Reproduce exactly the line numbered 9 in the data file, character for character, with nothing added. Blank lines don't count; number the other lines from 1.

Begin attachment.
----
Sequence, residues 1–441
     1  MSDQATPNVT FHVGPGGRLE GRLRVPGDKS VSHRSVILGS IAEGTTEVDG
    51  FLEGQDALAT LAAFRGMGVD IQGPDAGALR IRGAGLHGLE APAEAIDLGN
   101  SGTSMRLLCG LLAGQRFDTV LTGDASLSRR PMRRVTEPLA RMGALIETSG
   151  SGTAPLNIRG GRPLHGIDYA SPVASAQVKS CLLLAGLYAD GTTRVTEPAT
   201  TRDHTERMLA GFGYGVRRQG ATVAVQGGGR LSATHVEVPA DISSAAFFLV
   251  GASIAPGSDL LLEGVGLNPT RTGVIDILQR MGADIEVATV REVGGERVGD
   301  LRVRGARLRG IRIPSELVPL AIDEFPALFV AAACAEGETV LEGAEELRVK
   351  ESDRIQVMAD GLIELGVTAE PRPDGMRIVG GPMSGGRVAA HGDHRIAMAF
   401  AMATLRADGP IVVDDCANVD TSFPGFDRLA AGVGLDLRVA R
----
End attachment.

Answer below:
   351  ESDRIQVMAD GLIELGVTAE PRPDGMRIVG GPMSGGRVAA HGDHRIAMAF